| OMAHA, Neb.
OMAHA, Neb. May 6 Warren Buffett on Saturday
downplayed suggestions that Berkshire Hathaway Inc's
partnerships with Brazil's 3G Capital, a renowned cost-cutter,
undermined Berkshire's own value system.
Speaking at Berkshire's annual meeting in Omaha, Nebraska,
Buffett said, "there is a good chance we will do more, and
perhaps bigger things" with 3G, which was co-founded by fellow
billionaire Jorge Paulo Lemann and which with Berkshire controls
food company Kraft Heinz Co.
But he acknowledged disliking imposing the kinds of deep
cuts, including the loss of many thousands of jobs, for which 3G
"Change is painful for a lot of people, and I would rather
spend my days not doing that sort of thing," he said. "But I
think it is absolutely essential to America that we become more
The 3G firm is known for "zero-based budgeting," where
managers must periodically justify all their expenses, and cost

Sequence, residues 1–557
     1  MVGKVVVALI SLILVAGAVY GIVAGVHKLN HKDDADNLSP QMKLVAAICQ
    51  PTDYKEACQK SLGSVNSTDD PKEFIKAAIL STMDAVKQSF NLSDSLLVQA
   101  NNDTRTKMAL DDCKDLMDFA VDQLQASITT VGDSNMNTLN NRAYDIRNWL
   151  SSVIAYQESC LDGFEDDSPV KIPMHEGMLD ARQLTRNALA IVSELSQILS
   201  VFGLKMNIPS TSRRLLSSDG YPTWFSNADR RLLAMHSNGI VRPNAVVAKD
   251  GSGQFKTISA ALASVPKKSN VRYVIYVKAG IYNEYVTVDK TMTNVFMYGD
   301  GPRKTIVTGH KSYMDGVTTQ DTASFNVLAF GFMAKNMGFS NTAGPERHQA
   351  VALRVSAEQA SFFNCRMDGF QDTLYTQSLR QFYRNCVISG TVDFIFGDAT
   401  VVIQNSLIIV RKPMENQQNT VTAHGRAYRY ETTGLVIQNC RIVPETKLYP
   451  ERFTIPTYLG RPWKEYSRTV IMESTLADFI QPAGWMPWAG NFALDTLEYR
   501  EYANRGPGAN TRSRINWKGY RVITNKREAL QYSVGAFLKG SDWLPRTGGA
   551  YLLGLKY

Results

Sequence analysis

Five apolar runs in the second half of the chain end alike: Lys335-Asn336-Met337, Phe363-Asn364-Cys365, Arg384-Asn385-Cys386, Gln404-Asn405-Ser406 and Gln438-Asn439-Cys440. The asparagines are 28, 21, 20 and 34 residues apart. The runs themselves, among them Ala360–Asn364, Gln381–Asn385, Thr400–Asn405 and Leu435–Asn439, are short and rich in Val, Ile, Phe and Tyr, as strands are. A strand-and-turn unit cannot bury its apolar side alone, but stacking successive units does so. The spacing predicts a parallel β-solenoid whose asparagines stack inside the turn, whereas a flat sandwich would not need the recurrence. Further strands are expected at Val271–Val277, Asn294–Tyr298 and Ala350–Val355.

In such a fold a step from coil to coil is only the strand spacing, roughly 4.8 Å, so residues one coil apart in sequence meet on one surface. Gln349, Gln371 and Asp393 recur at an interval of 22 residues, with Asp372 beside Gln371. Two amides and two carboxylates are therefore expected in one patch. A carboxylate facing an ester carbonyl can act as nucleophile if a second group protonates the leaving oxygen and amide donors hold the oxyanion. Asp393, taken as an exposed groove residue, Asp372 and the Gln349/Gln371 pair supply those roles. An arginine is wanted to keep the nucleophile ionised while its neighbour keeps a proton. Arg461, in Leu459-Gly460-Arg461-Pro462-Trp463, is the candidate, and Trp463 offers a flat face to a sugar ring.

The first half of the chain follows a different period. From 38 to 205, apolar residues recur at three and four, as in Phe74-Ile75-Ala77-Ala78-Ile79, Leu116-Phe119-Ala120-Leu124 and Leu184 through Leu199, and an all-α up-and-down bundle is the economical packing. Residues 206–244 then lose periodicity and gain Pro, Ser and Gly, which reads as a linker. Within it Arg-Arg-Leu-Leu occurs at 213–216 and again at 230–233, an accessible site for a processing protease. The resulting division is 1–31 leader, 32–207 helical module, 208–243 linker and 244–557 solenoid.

controls such as requiring photocopies to be double-sided.
Berkshire and 3G jointly bought H.J. Heinz Co in 2013 and
merged it with Kraft Foods Group two years later.
Buffett also helped finance 3G's merger of the Burger King
and Tim Hortons chains to create Restaurant Brands International
More recently, Berkshire and 3G worked together on Kraft
Heinz's proposal to buy European food company Unilever NV
for $143 billion, only to be turned down.
Buffett revealed on Saturday that Berkshire and 3G, which
together own 51 percent of Kraft Heinz, had each been prepared
to devote $15 billion of cash to the transaction.
He said Berkshire prefers buying companies that are already
efficient, and that 3G is not alone in trying to slash costs at
companies that may be less efficient.
"The 3G people do it very fast, and they're very good at
making a business productive with fewer people," he said. "But
we have been doing that in every industry."
Charlie Munger, Berkshire's vice chairman, concurred, saying
at the meeting he found no "moral fault" in 3G's approach.
Buffett noted that he has had to oversee job cuts himself,
citing job losses at the original Berkshire Hathaway textile
business, which shut down 20 years after he took it over.
"We fired 2,000 people over time ... at the textile
operation," he said. "It didn't work."
(Reporting by Jonathan Stempel in Omaha, Nebraska; Editing by
Jennifer Ablan and Nick Zieminski)